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May 2, 2022

UMaine System to divest its fossil fuel holdings

Dannel Malloy Courtesy / UMaine System University of Maine System Chancellor Dannel Malloy

The University of Maine System has become the latest academic institution to direct its financial investments away from producers of greenhouse gases in an effort to address climate change.

The university system set a two-step plan that would divest about 1.9% of the assets, or $15.5 million, over an eight-year period.

The process would start by ending direct fossil fuel investments by the end of May, according to a decision Thursday by the investment committee for the university system’s board of trustees. Those investments currently total about $400,000.

No such investments would be made in the future. The second step, to be completed by 2030, is to end any investments in mutual funds or commingled funds that have exposure to fossil fuels.

The system identified fossil fuels as companies on the Carbon Underground 200 List, a roster of the 100 largest public companies that own coal, oil or natural gas reserves, including oil sands.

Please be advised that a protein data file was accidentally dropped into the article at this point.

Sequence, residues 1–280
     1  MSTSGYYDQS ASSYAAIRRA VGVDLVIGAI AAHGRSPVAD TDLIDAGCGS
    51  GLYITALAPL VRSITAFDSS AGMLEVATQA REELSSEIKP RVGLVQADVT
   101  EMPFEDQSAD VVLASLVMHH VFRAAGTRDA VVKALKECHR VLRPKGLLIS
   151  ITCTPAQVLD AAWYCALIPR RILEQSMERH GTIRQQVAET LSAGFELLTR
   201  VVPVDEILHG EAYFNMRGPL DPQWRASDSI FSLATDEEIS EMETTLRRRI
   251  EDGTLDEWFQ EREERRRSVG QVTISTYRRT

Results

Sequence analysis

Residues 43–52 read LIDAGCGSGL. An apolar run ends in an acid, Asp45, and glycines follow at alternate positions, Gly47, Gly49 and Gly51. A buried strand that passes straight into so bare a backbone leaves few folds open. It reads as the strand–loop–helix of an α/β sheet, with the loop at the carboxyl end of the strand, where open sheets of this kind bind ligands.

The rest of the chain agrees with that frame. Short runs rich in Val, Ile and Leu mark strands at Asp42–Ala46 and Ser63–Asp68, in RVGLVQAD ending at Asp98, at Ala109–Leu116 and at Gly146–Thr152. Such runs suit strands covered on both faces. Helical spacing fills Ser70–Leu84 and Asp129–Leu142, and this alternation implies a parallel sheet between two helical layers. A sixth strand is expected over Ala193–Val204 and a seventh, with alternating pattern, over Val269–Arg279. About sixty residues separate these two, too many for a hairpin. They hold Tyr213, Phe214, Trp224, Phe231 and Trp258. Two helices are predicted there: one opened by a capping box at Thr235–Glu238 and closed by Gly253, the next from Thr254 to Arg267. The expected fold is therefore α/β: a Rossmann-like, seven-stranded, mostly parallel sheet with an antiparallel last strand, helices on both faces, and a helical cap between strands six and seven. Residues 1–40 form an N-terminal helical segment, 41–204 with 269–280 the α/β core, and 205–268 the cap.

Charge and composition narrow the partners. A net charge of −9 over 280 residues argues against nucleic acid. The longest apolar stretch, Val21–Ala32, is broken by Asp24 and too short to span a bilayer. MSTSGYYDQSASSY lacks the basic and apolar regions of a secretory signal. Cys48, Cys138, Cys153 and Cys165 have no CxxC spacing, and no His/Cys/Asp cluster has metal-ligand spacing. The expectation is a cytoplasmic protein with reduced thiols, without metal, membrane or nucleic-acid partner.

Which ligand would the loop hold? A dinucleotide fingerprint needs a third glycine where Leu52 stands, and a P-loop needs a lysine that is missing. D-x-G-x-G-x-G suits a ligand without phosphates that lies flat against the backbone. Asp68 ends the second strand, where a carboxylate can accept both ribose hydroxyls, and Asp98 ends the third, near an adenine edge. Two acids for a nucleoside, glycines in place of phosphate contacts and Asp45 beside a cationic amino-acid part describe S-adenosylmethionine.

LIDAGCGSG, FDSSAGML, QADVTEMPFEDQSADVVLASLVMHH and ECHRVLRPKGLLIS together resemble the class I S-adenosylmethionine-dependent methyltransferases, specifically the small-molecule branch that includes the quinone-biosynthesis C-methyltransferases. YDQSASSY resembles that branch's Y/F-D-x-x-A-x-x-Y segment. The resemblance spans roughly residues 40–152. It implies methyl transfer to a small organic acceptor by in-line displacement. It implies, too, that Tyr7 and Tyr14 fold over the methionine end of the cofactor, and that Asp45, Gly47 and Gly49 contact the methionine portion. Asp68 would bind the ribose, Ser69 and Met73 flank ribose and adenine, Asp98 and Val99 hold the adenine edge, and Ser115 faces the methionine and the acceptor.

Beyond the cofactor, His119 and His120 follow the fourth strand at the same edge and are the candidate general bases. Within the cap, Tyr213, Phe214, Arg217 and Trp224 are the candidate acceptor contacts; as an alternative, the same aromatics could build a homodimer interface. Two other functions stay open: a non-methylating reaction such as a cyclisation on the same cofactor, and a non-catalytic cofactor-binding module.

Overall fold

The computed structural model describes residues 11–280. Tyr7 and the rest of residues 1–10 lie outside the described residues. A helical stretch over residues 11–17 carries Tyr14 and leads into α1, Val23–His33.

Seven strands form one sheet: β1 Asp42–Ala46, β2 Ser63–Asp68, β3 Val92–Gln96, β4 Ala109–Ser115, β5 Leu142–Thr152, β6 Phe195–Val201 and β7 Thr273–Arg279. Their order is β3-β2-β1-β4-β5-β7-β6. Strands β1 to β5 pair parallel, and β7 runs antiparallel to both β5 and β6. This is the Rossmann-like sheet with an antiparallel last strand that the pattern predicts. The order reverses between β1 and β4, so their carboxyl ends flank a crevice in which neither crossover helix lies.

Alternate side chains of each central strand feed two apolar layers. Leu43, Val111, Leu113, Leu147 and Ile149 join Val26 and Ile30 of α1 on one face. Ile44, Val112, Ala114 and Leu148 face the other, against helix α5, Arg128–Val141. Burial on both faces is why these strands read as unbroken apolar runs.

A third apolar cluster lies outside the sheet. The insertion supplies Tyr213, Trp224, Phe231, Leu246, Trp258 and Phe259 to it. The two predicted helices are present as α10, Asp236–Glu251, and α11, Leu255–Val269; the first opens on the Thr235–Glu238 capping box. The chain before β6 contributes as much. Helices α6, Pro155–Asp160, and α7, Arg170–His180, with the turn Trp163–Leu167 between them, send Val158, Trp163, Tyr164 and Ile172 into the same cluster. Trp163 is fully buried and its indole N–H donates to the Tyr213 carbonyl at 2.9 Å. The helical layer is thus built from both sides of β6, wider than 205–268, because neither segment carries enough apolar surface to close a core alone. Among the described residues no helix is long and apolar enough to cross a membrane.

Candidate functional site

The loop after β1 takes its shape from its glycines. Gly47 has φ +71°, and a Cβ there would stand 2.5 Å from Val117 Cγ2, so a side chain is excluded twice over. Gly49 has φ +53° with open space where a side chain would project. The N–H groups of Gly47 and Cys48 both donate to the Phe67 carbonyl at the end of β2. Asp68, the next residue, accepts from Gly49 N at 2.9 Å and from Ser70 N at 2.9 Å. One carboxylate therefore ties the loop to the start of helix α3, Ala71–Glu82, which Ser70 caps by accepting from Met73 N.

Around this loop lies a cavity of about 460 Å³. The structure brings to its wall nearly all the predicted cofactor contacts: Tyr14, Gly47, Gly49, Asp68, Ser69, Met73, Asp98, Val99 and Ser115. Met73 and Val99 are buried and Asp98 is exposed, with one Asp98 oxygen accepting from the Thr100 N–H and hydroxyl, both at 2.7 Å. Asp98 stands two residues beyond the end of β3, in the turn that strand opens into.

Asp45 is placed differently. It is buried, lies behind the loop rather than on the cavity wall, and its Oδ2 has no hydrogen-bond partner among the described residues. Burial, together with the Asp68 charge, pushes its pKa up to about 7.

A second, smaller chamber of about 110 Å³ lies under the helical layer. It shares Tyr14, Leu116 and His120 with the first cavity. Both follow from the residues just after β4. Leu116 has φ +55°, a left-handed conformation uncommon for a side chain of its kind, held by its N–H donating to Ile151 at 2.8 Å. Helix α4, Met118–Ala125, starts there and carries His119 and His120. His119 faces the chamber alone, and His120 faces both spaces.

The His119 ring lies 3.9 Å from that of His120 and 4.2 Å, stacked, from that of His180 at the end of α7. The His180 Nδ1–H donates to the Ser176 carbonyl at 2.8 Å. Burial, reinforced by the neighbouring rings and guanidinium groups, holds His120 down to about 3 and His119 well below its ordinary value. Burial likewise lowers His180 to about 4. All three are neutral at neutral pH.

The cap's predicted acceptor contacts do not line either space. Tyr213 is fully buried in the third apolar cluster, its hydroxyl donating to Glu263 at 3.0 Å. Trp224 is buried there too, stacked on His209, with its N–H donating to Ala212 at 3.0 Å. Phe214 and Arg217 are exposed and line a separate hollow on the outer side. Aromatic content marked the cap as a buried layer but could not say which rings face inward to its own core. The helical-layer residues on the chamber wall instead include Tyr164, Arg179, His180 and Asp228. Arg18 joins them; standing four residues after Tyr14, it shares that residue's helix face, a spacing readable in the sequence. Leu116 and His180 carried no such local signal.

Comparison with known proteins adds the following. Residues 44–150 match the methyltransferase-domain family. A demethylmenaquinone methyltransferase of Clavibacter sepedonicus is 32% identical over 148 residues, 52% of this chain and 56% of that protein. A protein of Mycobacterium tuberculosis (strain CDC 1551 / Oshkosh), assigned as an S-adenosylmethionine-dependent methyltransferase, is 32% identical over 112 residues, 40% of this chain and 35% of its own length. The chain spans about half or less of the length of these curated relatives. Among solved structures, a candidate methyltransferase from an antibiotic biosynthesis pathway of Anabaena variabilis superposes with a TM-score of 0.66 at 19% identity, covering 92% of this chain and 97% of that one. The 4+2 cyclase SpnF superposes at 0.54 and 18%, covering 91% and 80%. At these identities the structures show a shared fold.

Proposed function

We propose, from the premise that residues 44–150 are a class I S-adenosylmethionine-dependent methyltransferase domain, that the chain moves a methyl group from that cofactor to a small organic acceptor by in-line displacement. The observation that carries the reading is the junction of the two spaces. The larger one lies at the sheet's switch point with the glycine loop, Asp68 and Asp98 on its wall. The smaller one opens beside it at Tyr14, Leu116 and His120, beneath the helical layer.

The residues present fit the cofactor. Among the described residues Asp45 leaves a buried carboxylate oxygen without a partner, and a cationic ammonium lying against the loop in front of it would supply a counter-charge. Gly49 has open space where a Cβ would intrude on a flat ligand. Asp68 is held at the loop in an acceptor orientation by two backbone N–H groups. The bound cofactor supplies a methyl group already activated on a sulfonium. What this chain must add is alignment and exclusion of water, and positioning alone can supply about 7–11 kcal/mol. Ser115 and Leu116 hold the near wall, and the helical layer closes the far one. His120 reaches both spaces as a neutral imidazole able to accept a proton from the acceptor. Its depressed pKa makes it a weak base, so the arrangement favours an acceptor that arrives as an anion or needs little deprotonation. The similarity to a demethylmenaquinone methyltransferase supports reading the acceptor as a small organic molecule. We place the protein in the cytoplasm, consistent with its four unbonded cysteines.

UMS also said it would assess investment managers with regard to their commitment to sustainable and fossil fuel-free investments and select managers who employ such strategies. The system has also pledged to keep its climate goals, as well as environmental, social and governance criteria, in mind when selecting investment managers.

The move to divest fossil fuel holdings follows a decision in 2015 by UMS to divest from coal, and a move in 2017 to consider environmental, social and governance factors in investment decisions. 

Maine’s Unity College and schools including Harvard University, Cornell University and Georgetown University are among other colleges and universities that have taken similar actions.

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